The loss of a child is something no family is prepared for. Making decisions about funerals and memorials can feel impossible in the face of such grief.
In Spokane, Heritage Funeral and Cremation provides the majority of infant and children’s services.
“We offer services at no charge for children up to age six,” said Heritage location manager Jen Melberg.
The services don’t include casket, urn, or burial plot but do cover cremation, viewing and memorial service. They also offer deep discounts for services for children aged 7 to 17.
Funeral director Annette Drennen came to Heritage in 2020 and looked for a way to offer comfort to devastated families.
“When babies come into our care, they often arrive in hospital receiving blankets,” she said.
The standard blue-and pink-striped blankets seemed unsubstantial and impersonal to her.
“I’m a quilter,” she said. “Last year, I started a quilt program at Heritage and a Facebook group, and then I told every person I saw about it.”
She wanted to offer parents the option to choose a handmade quilt to wrap their infant or child in for the viewing, burial, or cremation.
“Sometimes moms hold their babies for the first time here,” Drennen said. “I thought we can make it easier.”
Quilts provided by the Infant Memorial Quilting Club come in three sizes and include a matching keepsake quilt block.
“The quilts stay with the babies; the quilt squares go home with the parents,” she said.
Drennen also initiated new options for families to see their child at the funeral home.
“We got a crib, a bassinette, a rocking chair, a Moses basket and a toddler bed,” she said. “Often when they see the child in the crib, they will ask to hold them.”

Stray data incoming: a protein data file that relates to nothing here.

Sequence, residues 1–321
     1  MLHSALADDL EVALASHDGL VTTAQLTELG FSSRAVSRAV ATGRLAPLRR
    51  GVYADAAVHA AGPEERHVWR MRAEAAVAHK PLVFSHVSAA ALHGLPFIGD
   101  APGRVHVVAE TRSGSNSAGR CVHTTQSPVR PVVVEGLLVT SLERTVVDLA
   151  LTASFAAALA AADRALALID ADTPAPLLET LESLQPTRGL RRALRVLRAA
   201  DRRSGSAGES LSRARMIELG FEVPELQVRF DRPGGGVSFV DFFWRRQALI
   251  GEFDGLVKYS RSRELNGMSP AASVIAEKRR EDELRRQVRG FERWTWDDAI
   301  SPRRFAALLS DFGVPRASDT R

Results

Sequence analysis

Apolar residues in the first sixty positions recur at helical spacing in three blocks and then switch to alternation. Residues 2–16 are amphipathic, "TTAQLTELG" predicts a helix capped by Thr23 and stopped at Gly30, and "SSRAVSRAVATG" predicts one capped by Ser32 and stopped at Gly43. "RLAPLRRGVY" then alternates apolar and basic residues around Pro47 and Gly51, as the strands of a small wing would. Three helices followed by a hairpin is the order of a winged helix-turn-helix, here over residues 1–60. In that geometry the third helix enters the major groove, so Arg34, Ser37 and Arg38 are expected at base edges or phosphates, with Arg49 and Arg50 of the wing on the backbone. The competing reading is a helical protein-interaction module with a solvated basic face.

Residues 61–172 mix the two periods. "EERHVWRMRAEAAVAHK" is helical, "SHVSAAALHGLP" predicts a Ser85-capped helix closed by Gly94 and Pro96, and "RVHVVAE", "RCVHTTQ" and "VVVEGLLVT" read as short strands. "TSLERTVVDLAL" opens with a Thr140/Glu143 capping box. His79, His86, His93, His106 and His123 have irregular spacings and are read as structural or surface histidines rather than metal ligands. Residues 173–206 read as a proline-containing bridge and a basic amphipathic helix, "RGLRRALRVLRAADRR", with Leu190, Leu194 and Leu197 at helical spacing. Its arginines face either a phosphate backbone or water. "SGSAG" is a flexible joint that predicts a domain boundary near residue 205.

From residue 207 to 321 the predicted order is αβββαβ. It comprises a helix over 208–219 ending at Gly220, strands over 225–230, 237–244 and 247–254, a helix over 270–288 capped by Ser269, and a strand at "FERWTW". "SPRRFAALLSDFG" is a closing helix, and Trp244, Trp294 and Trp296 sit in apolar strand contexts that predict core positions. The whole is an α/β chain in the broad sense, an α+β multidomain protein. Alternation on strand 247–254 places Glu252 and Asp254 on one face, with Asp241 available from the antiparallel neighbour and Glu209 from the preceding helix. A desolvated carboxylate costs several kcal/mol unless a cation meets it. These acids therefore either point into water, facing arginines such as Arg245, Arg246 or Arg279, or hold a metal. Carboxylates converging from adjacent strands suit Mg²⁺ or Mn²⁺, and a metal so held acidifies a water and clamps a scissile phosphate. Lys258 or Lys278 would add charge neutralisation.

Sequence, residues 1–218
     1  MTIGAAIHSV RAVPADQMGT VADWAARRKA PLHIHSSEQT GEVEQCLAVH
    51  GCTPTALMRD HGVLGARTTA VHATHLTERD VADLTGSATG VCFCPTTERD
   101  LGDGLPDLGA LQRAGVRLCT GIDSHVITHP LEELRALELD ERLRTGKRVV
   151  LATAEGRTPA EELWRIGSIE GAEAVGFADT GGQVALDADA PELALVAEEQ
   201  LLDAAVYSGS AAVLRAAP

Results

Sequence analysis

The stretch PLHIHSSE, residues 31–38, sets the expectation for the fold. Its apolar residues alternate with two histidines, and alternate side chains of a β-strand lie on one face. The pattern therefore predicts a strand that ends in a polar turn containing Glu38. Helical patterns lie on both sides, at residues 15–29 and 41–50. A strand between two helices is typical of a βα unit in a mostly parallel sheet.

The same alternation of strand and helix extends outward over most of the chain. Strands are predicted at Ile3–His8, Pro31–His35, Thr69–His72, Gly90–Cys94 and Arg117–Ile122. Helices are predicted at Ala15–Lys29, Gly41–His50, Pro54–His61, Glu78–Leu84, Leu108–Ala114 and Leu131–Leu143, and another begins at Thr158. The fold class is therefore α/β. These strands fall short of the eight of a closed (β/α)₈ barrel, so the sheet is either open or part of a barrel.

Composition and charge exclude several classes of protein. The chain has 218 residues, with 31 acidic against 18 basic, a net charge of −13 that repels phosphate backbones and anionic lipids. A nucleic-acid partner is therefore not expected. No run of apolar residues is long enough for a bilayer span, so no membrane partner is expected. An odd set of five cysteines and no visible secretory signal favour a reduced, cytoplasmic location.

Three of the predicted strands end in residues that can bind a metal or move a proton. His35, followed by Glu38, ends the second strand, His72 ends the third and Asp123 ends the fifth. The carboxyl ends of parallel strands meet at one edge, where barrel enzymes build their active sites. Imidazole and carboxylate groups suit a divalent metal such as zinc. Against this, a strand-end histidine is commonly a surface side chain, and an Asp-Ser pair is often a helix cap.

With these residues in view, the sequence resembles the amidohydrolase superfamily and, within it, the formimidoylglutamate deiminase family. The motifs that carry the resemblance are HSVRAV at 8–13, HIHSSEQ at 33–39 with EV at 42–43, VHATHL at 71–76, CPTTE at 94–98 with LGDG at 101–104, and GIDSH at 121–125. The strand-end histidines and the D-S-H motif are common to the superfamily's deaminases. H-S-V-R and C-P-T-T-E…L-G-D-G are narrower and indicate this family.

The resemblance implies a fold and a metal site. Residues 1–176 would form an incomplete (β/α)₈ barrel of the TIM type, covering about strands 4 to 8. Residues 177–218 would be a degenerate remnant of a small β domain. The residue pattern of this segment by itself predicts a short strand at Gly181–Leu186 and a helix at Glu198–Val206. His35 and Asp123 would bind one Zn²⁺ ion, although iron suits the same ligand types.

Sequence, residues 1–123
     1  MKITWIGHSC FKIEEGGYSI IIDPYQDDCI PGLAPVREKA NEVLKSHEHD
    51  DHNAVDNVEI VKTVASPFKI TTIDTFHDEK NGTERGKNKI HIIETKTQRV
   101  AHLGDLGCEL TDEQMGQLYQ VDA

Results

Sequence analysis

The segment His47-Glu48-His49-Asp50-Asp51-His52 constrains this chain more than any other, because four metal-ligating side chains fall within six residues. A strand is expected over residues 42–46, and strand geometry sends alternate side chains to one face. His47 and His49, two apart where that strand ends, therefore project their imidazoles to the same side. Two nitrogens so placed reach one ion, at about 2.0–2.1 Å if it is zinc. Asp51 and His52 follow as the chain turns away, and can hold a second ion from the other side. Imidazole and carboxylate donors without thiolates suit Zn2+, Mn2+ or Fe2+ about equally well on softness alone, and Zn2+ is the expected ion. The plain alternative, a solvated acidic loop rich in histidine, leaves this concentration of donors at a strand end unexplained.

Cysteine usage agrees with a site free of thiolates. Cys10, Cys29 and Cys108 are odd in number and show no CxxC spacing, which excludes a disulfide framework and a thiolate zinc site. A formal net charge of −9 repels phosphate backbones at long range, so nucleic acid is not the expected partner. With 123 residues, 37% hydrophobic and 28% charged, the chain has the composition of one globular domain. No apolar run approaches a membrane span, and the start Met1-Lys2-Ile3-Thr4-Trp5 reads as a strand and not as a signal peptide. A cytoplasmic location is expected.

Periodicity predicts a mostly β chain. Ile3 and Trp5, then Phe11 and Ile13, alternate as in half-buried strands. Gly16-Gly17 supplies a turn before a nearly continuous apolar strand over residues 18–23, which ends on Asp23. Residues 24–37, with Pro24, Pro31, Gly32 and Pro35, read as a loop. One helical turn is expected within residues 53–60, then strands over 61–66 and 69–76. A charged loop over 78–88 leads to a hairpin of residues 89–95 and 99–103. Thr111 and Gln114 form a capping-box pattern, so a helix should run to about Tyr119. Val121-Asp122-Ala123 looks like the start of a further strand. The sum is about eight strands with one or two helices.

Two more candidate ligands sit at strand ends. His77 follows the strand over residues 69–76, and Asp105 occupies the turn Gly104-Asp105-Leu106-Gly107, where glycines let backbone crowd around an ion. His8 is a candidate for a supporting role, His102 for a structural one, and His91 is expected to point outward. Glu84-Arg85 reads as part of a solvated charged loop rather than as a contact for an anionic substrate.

The quilting community in Spokane responded. Many joined the monthly quilt group that meets at Heritage, and other individuals and groups quilt elsewhere and bring their blankets to the funeral home.
Quilters from Emmanuel Presbyterian Church recently delivered several quilts.
Lorelee Bauer smoothed a tiny quilt made by their group.
“Some are hand-stitched, some are machine stitched,” she said. “I love that we found a use for small pieces of fabric. For me, doing this work in community is very different than doing it in my home. We try to have all of our group touch the fabric.”
Joyce Miller agreed.
“This is one of the times that it takes a village.”
The women are aware of the little ones their quilts may someday enfold.
“There are tears when we are sewing,” Sue Burford said.
When Drennen meets with grieving parents, she explains the quilting program. If they’re interested, she asks them about their child. Did you have a name picked out? A nursery color or theme?
Then she brings an appropriate selection of quilts for the parent to choose from.
Since October, when the program launched, 85 quilts have been donated and 25 have been selected by families. Drennen keeps a scrapbook of quilt photos denoting when an item was donated and when it was chosen.
The quilters looked at the recent donations, admiring hand-tied quilts and sighing over teddy bear prints. The coverings come in all colors and patterns, including one with whimsical baby hippos.
It’s heartbreaking to contemplate the need for such a program, but the statistics are stark.
Melberg said in 2022, Heritage donated $224,843 worth of services for 104 children under 6.
“We currently see about five families a week,” she said.
She’s witnessed the impact of the quilt program.
“We have moms come in with stillborns who say no one has acknowledged their loss.”
She said other moms are overwhelmed when they see the quilts because they’re so touched that someone loved their baby enough to sew for them.
Drennen expressed appreciation for the quilters in Spokane who’ve taken on this project as a way of showing compassion to hurting families.
“This is sometimes the first chance for parents to hold their babies, but it’s always the last chance,” said Drennen. “We are showing grieving families love when they most need it.”
Contact Cindy Hval at email@example.com